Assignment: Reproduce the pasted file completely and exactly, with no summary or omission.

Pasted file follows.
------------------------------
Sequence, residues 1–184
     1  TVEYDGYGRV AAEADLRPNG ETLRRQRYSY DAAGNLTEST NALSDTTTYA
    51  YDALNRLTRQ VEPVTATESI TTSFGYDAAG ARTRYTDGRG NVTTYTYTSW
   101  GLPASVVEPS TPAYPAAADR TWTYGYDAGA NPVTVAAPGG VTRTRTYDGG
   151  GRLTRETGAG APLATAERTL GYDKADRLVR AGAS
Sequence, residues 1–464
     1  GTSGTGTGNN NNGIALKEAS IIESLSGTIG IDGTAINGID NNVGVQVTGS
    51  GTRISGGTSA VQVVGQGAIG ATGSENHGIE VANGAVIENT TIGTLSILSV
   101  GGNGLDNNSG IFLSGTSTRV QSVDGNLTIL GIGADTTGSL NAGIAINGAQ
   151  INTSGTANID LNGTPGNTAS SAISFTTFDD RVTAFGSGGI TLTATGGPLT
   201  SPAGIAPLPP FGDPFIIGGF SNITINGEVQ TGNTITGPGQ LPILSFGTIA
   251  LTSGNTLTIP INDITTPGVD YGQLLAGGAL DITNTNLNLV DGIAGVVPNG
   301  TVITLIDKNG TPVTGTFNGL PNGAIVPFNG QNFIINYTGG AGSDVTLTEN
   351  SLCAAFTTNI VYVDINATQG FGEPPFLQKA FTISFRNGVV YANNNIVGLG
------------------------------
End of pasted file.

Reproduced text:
Sequence, residues 1–184
     1  TVEYDGYGRV AAEADLRPNG ETLRRQRYSY DAAGNLTEST NALSDTTTYA
    51  YDALNRLTRQ VEPVTATESI TTSFGYDAAG ARTRYTDGRG NVTTYTYTSW
   101  GLPASVVEPS TPAYPAAADR TWTYGYDAGA NPVTVAAPGG VTRTRTYDGG
   151  GRLTRETGAG APLATAERTL GYDKADRLVR AGAS
Sequence, residues 1–464
     1  GTSGTGTGNN NNGIALKEAS IIESLSGTIG IDGTAINGID NNVGVQVTGS
    51  GTRISGGTSA VQVVGQGAIG ATGSENHGIE VANGAVIENT TIGTLSILSV
   101  GGNGLDNNSG IFLSGTSTRV QSVDGNLTIL GIGADTTGSL NAGIAINGAQ
   151  INTSGTANID LNGTPGNTAS SAISFTTFDD RVTAFGSGGI TLTATGGPLT
   201  SPAGIAPLPP FGDPFIIGGF SNITINGEVQ TGNTITGPGQ LPILSFGTIA
   251  LTSGNTLTIP INDITTPGVD YGQLLAGGAL DITNTNLNLV DGIAGVVPNG
   301  TVITLIDKNG TPVTGTFNGL PNGAIVPFNG QNFIINYTGG AGSDVTLTEN
   351  SLCAAFTTNI VYVDINATQG FGEPPFLQKA FTISFRNGVV YANNNIVGLG